Past Reviews

Regional Reviews: Connecticut & the Berkshires

Girlfriend
TheaterWorks
Review by Fred Sokol | Season Schedule

Also see Zander's reviews of Cabaret and Burt & Me


David Merino and CJ Pawlikowski
Photo by Lanny Nagler
Girlfriend, presented by TheaterWorks in Hartford through April 28th, is about as sweet as it gets. The show, based upon the pop/rock tunes Matthew Sweet composed for his 1991 album, is decidedly feel-good, but it would be a mistake to assign it a constrictive label. With a book written by Todd Almond, the musical, inclusive of a spirited rock band positioned and playing behind two actors, addresses adolescent angst. A rectangular mural above the musicians at the rear of the stage colorfully depicts multiple rows of Midwest corn. The production is playing the Wadsworth Atheneum in Hartford while TheaterWorks' primary space is under renovation.

Will (David Merino) and Mike (CJ Pawlikowski) are about to graduate from high school in Alliance, Nebraska. Mike is a well-built baseball player who has a girlfriend. He's the good-looking jock. Will had a tough time of it in school; he is gay and, during the 1990s, found his situation to be painful and fretful. Not destined for college, he is nonetheless joyously relieved to have completed school. Mike shares and sends a tape mix of his songs with Will. Each listens, on either side of the stage, to the lyrics. Attracted to one another, a new relationship blossoms during a transitional summer.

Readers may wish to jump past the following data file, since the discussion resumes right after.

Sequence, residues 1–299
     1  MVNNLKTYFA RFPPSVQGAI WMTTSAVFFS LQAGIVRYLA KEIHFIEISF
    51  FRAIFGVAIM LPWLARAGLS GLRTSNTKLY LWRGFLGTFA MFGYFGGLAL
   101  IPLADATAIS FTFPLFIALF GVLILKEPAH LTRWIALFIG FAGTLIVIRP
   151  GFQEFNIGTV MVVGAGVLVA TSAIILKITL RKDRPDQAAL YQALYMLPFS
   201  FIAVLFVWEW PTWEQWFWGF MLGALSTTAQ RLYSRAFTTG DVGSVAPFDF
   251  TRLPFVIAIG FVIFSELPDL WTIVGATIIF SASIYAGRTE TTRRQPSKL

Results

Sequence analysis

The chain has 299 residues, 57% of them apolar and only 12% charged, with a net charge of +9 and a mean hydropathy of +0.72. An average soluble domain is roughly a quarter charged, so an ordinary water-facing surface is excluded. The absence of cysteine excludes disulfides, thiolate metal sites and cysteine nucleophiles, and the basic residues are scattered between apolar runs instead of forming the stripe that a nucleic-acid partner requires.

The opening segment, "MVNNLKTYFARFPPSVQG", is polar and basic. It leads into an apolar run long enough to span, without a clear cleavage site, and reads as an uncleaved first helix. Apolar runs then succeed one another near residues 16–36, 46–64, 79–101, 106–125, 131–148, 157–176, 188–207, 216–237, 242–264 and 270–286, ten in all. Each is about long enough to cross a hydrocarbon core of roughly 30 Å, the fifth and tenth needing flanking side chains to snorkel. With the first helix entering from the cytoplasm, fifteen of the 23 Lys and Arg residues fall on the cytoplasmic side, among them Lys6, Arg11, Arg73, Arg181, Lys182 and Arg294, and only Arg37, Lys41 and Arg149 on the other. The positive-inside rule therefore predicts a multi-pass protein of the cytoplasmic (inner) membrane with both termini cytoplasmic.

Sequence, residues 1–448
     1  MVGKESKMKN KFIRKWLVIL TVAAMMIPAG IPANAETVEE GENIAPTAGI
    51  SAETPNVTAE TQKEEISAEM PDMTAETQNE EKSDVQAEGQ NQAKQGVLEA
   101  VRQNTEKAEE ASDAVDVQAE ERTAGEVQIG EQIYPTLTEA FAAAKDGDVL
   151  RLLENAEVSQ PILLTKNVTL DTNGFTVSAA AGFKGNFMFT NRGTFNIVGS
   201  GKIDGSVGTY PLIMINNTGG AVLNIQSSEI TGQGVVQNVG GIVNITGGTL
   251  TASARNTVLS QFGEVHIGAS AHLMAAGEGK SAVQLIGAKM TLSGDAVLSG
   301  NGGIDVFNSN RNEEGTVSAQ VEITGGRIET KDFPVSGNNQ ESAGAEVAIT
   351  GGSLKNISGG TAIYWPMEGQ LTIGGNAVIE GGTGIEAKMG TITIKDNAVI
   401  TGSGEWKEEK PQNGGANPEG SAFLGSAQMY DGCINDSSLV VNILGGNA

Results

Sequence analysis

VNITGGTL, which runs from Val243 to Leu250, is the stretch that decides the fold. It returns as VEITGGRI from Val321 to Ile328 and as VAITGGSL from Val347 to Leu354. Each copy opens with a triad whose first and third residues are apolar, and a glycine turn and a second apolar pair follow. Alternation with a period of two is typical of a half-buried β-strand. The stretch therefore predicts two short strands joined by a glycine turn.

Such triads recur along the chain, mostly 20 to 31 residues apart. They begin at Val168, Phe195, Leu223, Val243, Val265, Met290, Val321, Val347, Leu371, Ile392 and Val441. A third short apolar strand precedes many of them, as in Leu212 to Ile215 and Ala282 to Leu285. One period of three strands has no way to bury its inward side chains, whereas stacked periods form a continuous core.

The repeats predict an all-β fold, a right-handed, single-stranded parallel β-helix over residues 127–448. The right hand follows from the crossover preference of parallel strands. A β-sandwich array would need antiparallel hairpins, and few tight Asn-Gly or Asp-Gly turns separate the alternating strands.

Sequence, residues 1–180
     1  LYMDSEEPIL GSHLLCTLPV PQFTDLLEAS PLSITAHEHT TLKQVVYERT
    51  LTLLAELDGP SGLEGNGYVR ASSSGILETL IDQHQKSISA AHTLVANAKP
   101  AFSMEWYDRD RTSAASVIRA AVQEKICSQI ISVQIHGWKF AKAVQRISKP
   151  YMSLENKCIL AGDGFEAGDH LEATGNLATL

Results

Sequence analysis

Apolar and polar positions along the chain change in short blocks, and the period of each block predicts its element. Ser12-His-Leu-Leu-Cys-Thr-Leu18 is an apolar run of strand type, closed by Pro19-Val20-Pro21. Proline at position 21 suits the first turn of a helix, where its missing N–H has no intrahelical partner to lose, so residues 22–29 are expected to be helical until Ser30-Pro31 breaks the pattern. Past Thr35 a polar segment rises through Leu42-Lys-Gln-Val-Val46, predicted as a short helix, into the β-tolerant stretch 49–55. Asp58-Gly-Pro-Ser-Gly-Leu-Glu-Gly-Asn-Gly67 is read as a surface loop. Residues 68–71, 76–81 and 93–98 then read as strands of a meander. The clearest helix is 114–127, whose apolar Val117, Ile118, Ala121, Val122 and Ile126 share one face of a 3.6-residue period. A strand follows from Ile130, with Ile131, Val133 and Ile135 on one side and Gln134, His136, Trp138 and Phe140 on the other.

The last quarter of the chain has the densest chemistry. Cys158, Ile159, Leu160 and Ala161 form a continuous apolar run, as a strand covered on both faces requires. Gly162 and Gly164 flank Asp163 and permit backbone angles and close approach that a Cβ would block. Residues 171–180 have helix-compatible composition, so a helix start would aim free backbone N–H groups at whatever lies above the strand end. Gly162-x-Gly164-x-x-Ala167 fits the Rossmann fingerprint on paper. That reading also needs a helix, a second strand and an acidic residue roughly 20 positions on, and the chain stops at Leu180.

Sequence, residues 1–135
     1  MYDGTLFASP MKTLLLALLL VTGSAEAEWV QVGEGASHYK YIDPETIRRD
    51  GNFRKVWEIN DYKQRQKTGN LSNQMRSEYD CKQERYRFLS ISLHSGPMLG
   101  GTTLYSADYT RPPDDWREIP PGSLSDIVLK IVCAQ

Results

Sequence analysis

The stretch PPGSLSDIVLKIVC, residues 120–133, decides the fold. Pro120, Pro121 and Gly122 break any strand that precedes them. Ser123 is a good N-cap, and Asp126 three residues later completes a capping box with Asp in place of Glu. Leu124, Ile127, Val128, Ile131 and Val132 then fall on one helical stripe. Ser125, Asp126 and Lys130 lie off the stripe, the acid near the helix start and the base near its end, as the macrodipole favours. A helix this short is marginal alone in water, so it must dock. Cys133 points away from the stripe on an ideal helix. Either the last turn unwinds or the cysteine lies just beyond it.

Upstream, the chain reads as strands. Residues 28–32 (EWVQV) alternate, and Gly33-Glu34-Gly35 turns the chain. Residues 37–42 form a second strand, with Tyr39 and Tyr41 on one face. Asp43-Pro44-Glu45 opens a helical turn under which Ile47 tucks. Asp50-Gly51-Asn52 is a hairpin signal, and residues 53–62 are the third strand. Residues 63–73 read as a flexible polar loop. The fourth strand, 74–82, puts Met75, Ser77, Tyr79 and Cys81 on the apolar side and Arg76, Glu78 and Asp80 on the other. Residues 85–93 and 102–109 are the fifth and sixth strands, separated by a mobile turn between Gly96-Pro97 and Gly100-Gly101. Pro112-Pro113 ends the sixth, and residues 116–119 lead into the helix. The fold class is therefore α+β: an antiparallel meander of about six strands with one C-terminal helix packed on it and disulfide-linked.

Mike's idea of a good time is an evening at the local drive-in theater, so he takes his date (Will) there again and again and again. The plot of the movie involves a nun who also assumes other identities, including an alien. The coming-of-age bond between the two teenagers gently evolves; Will is tentative and slower to trust while Mike is aware of some implications as he couples with Will.

The music TheaterWorks actualizes and the actors' deliveries create many special moments. Pawlikowski has impressive range and pitch. Merino oftentimes provides excellent harmony and, upon occasion, two of the band's vocalists chime in, too. It is all quite pleasing and, through the melodies, even soothing.

The vocals, sometimes expressing heartfelt emotion, sneak up on the listener. Sweet's lyrics, in combination with Almond's book, are telling and increasingly revealing. Being gay in Nebraska during the early 1990s was problematic and bullying was certainly a real risk for a teenage boy.

The title of the show is taken directly from the name of Sweet's record. The composer has commented that he spent a fair portion of time, during that epoch of time in Nebraska, doing a lot of driving (and, perhaps, musing) around the nearby countryside. Almond took Sweet's musical numbers and added spoken words. The first production of Girlfriend took shape at Berkeley Rep in 2010.

Producing Artistic Director Rob Ruggiero has many times demonstrated a fine, innate touch for small, emotional works. Once again, he succeeds in realizing a work's promise. Evan Zavada, as musical director, is also pivotal. Conducting and playing keyboard, he facilitates a fresh, collective sound—the perfect complement for the performers. Set design is by Brian Prather.

The opening number, "I've Been Waiting," as well as "Evangeline" and the finale "I Wanted to Tell You" (many more could be noted) fuel a production that combines sensitivity with artistry. The two actors perform with compassion, feel, and timing. The product is neither heavy-handed nor overly affected. Girlfriend is warm, lively, and sometimes romantic. It all adds up to an entertaining evening that subtly compels but never overwhelms.

TheaterWorks' Girlfriend, through April 28, 2019, at the Wadsworth Atheneum theatre space, 600 Main St., Hartford CT. For information and tickets, call 860-527-7838 or visit twhartford.org.


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